BIRMINGHAM: A horrendous error by the officials robbed the Indian women's hockey team of a huge opportunity.
It was an opportunity to put the mighty Australians under the pump and enter the CWG final but the callousness of the officials denied the gritty Indian team, which gave its all in pushing the most fearsome side in world hockey.
Australians were feeling the heat for the first time in the tournament. It could not have been a better start for India with Rosie Malone fluffing the first attempt. India skipper Savita Punia was excellent in blocking the scoring move.
But, wait. The Australians got back the missed chance because the officials did not start the clock. They take the shot again and this time a flustered Savita could not save it. The momentum changes.
Lalremsiami, Neha Goyal and Navneet Kaur all fail to score while Kaitlin Nobbs and Amy Lawton found the net. Australia walk away with the win and a place in the final.
"It does not matter, but of course it does matter".
These words from India's chief coach Janneke Schopman summed up the frustration, helplessness and the anger.
The Indian women's hockey team put up its best performance on the turf since finishing a historic fourth in last year's Tokyo Olympics, giving Australians a run for their money.
Even though they conceded a goal in the 10th minute, India equalised in the 49th minute through a brilliant field goal by Vandana Katariya.
Vandana's goal was also the first time Australia conceded in the tournament so far, having kept a clean slate in the pool stages.
But in the end, the players were reduced to frustrated lot.
"After that (clock howler), we lost a little bit of our momentum. Then it did go in, and everyone is deflated," Schopman, a double Olympic medallist, said.
"I'm not using it as an excuse, but when you make the save, that's an enormous boost for the team and you turn the decision around and the girls are really upset about it.
"The official's hand was up, but I didn't really know and the umpires -- A Church and H Harrison of England -- also did not. So, that's why I'm frustrated because the umpires said we have to retake it."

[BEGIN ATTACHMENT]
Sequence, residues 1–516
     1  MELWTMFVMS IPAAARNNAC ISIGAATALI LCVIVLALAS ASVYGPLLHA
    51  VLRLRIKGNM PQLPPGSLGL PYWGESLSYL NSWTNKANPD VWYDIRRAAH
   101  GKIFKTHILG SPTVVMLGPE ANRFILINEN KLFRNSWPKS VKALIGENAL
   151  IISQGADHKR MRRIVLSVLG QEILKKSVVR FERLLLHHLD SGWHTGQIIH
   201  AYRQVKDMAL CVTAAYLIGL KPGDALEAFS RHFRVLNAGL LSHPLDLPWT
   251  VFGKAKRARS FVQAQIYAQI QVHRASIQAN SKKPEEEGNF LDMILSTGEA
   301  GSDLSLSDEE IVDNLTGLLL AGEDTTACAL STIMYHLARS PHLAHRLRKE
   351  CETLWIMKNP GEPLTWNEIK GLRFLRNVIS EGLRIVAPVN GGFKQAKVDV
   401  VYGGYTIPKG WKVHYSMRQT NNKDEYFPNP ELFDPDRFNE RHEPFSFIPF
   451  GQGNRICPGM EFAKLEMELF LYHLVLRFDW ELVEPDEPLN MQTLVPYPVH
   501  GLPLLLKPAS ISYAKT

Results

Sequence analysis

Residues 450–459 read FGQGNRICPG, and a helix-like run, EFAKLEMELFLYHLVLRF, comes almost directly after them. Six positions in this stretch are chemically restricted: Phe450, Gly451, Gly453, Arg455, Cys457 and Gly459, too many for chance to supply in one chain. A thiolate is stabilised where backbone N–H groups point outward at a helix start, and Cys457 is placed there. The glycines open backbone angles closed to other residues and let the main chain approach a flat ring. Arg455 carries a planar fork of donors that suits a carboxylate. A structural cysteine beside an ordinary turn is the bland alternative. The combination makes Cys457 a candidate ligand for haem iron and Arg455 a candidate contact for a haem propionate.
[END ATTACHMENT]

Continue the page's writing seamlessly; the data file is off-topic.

Schopman said humans are prone to errors but the officials need to take into account the emotional toll, which is attached to such a high-profile game.
"It's all human and all emotion. Should we be better? That's what I was trying to say, 'girls it doesn't matter, it doesn't matter'. But of course it does matter and of course I am angry also because I don't think even the officials understood what happened.
"They said it's not our decision. I said 'Australia are not complaining, they know they've missed it, it was easily 10 seconds and they got the opportunity to score'," she said.
"I think those people just don't understand the game and the emotions that are involved."
The International Hockey Federation (FIH) quickly apologised for the faux pas, saying it would "thoroughly review" the incident, but the fact of the matter remains the move would do very little to mend India's wound.
"In the semifinal match of the Birmingham 2022 Commonwealth Games
between Australia and India (Women), the penalty shootout started mistakenly too early (the clock was not yet ready to operate), for which we apologise," FIH said in a statement.
"The process in place for such situations is that the penalty shootout has to be retaken, which was done. This incident will be thoroughly reviewed by the FIH in order to avoid any similar issues in the future."
The "clock" howler had the fan enraged. Even former India cricketer Virender Sehwag could not stop himself from lashing out at the on-field umpires.
"Penalty miss hua Australia se and the Umpire says, Sorry Clock start nahi hua. Such biasedness used to happen in cricket as well earlier till we became a superpower, Hockey mein bhi hum jald banenge and all clocks will start on time. Proud of our girls," Sehwag tweeted.
A hurt India will now be gunning for at least a bronze when they take on New Zealand on Sunday.